Professor Gibbs handed me your letter on Wednesday eve. The weather is chilly and I have to warm myself at the kitchen fire frequently. Julia is well, the babe rather drooping but not sick. Rose at half past five, made a fire, and put on the tea-kettle and while I was sweeping the room below, R. set the breakfast table and made some tea and toast with eggs. Lute clean'd the knives and help'd me wash the dishes, beside acting as nurse to Lucy.
(by the way, what you have just read took place in the home now located at Greenfield Village).

"The Victorian Homefront: American Thought and Culture, 1860 - 1880" by Louise L. Stevenson is a book that I found used for $4 on Amazon and took a chance. I'm glad I did! From the very first page of Ms. Stevenson's preface, I knew this would be an excellent book. In it, she states: "'Victorians read in their parlors. They had not used their bedroom chambers as the primary sites for reading.' So much work had preceded these two declarative sentences!" And then proceeds to write substantial overviews of everyday life in Victorian America. Now, considering the important historical events of the years covered in this book, surprisingly little is written about the Civil War or reconstruction. But, that's OK, because, instead, we are treated to the private and public life of the middle class person of the mid to late 19th century.
A fine find!

"My Likeness Taken: Daguerreian Portraits in America" by Joan L. Severa is an excellent (and a bit pricey) tome on American fashion from 1840 to 1860 and includes men, women, and children in its high quality pages. A fairly detailed description is written for each of the nearly 300 images here so anyone can learn about the variety of clothing during the mid -Victorian era.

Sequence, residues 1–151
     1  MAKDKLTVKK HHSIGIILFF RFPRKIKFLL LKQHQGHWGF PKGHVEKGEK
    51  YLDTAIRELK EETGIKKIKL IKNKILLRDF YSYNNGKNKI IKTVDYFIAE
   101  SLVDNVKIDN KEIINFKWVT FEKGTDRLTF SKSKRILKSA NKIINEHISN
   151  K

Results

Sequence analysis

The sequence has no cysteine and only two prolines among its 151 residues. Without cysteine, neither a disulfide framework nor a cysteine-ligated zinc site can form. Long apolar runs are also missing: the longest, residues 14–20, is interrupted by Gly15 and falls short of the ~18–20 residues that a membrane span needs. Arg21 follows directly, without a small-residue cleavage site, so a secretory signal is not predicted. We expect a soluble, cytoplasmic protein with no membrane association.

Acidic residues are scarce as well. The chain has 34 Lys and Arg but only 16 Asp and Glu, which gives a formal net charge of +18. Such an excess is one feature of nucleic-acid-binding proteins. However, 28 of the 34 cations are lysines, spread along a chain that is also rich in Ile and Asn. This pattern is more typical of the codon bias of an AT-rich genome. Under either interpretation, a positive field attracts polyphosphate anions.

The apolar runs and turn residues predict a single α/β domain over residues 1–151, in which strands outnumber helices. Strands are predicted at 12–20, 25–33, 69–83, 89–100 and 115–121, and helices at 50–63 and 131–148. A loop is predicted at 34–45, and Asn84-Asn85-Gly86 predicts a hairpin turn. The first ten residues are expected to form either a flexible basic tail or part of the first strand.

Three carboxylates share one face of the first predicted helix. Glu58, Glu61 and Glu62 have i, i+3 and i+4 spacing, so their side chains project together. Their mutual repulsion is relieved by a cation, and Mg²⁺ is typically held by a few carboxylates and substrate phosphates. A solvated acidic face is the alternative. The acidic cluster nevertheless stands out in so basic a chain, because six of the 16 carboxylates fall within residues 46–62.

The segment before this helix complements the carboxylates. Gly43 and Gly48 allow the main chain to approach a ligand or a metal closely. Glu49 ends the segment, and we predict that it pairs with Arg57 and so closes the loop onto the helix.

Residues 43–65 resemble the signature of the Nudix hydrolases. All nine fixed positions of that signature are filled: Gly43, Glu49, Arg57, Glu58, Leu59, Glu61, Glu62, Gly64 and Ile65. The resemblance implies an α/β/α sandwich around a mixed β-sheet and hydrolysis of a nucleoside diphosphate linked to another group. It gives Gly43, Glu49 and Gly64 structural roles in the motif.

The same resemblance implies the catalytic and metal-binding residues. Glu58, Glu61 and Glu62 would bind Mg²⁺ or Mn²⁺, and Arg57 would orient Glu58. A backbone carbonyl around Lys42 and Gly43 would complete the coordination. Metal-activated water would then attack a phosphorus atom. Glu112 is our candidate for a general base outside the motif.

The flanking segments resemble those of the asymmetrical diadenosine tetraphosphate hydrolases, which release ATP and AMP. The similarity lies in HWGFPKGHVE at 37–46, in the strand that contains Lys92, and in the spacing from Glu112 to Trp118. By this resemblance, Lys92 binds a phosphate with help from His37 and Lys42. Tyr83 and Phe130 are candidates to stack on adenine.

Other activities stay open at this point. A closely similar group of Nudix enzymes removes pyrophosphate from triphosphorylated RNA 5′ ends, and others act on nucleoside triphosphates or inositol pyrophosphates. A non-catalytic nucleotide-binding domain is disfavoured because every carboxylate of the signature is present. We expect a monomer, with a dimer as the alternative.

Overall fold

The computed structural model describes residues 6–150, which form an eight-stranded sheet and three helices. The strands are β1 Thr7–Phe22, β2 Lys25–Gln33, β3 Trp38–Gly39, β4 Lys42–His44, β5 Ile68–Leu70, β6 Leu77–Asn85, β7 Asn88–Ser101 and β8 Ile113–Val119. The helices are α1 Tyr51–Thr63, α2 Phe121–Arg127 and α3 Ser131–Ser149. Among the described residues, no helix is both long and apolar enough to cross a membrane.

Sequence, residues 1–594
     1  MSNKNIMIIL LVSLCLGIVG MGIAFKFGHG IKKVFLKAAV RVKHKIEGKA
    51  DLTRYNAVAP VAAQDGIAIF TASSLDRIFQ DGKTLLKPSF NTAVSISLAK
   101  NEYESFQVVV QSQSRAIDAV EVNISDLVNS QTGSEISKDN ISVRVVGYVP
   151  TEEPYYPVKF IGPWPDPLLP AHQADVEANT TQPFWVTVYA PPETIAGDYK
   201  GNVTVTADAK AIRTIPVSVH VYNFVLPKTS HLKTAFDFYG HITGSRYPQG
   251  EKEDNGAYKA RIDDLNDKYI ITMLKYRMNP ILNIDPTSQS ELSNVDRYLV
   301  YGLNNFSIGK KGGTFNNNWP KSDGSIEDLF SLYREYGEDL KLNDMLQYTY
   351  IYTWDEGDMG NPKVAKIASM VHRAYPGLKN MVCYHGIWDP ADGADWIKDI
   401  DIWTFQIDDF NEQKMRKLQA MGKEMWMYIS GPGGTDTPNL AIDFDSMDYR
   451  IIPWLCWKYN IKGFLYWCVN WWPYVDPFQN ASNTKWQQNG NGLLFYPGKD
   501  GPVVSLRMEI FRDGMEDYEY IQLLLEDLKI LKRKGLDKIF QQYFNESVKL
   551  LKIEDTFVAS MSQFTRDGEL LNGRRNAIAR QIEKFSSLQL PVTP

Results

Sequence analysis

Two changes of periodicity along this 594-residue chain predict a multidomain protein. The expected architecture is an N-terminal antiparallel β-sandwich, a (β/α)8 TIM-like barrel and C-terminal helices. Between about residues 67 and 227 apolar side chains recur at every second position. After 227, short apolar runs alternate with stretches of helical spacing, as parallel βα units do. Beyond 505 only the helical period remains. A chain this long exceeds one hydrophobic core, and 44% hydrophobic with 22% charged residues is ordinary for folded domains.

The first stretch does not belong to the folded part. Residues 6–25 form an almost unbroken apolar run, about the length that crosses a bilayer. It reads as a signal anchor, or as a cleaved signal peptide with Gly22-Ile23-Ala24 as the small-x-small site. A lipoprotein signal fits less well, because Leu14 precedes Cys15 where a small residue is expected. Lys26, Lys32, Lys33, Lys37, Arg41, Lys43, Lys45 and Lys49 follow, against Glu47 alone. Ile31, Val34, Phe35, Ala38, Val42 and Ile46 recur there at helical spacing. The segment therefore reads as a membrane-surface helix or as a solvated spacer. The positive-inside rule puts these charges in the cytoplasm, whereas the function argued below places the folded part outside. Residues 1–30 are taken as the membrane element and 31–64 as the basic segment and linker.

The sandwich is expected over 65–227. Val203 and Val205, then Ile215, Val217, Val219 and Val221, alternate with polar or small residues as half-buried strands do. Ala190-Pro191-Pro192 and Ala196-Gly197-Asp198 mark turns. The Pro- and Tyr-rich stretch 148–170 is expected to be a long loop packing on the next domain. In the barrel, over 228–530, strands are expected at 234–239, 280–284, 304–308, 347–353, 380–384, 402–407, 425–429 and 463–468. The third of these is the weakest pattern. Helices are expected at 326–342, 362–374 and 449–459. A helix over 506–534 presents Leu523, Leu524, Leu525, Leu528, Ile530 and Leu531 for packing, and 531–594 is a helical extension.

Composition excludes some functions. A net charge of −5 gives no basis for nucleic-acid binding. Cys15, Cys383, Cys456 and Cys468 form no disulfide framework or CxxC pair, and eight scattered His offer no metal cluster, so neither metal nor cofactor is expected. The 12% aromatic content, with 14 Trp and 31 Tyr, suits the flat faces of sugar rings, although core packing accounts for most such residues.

Yeah, I know...I'm a guy and I have this book of fashion. But, more than that, I look at the faces - the expressions - of the long dead folks inside and wonder about them...their lives...their thoughts...where and how they lived...

And then I realize - - - - just by reading the books mentioned above (amongst the many, many others in my collection), I can get a pretty accurate picture of how they lived, and these people in Ms. Severa's book come to life for me! They are the ones I try to emulate whenever I don my period clothing. So, you see, it's not just a collection of fashion photographs.

There are so many other great social history books available - these are just a few of my most recent purchases/gifts.
The computer is a wonderful thing. TV and movies are a wonderful thing. But, I don't believe the written word will ever be surpassed.

Every one of these books can be found, usually at a good price, on I have yet to find them in any of the local bookstores.

(By the way, I am also reading "Time and Again" by Jack Finney - slow but interesting. Some great details (a little too detailed at times!) about time travel. Well...not exactly time travel. More like mind travel. In other words, reenacting. Kind of.)


Mrs. G said...

I *love* "My Likeness Taken", I only borrowed it from the library but it's on my list of books to purchase. I liked it even better than Severa's first book "Dressed For The Photographer". I haven't read the others you listed but I'll see what my library can do. Thanks for mentioning them.


Historical Ken said...

I agree with you about liking My Likeness Taken better than Dressed for the Photographer. Probably because Likeness is more of 'my' era.
Thank you.